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New York wage and hour lawsuits allege violations of various wage and hour lawsmeaning employees claim they were not paid enough for work being done. In some cases, employees are misclassified as administrative and exempt from overtime pay. In other cases, they are misclassified as independent contractors and do not receive minimum wage or other benefits. Some employees claim they are required to work off the clock, even if they should be paid overtime wages.
New York Wage and Hour Lawsuits
Wage and hour provisions are covered by the Fair Labor Standards Act.
All too frequently, New York employees are misclassified as exempt from overtime pay. This means that they are not receiving overtime pay when they should. New York overtime pay is owed when an employee works more than eight hours in one day or more than 40 hours in a week and is given at a rate at one-and-one-half times the regular rate of pay. The issue is that some workers are misclassified as administrative or managerial when they perform the duties of an employee.
New York Overtime Exempt Employees and Mis-classifications
To determine whether an employee is eligible for New York overtime pay, a "duties test" can be performed. The "duties test" takes into consideration the actual work being done and not the job title of the worker. To be exempt from overtime, the worker must do work that is mainly administrative, professional or executive in nature. If more than half the worker's time is involved in duties that are non-manual, related to management policies, and involve discretion and judgment, that worker may be exempt from overtime pay. The worker must also receive a salary to be exempt. Simply being given a title that involves the word "administrative" does not automatically exempt an employee from overtime pay.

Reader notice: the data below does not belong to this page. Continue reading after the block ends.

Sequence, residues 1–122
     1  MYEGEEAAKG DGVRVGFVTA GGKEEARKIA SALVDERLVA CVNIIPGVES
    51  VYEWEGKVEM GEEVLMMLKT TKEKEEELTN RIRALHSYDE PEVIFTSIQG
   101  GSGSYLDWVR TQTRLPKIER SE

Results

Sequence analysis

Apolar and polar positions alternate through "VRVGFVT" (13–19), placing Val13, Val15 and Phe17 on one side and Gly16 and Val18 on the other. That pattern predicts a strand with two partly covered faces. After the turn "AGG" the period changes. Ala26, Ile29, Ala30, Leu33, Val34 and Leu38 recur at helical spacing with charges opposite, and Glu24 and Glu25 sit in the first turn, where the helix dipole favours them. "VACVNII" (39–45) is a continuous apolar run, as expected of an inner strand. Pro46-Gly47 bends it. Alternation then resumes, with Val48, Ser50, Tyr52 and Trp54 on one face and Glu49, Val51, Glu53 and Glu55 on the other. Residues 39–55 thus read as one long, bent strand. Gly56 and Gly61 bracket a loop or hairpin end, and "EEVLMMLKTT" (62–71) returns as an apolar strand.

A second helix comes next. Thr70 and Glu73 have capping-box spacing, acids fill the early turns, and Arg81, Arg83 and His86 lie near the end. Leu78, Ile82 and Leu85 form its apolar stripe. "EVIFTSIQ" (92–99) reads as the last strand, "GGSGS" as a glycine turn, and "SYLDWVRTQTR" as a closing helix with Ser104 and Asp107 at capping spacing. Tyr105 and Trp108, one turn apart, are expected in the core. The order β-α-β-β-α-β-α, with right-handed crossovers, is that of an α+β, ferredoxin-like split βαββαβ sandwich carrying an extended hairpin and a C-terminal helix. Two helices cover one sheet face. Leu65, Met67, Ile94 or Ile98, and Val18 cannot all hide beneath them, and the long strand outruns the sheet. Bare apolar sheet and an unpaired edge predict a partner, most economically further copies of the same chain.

New York Employment and Labor Laws
As of December 31, 2016, the minimum wage in New York State is $9.00 an hour. This minimum wage applies to all employees in New York State, including most domestic workers. However, some industries make allowances for tips and therefore can set a lower hourly pay. For example, food service workers who earn tips as part of their total compensation may earn less than minimum wage. The minimum wage will increase every year on December 31 until the minimum wage reaches $15.00 per hour. Depending on the size and location of the employer, and the industry, it will take between two and five years to reach the $15.00 per hour threshold.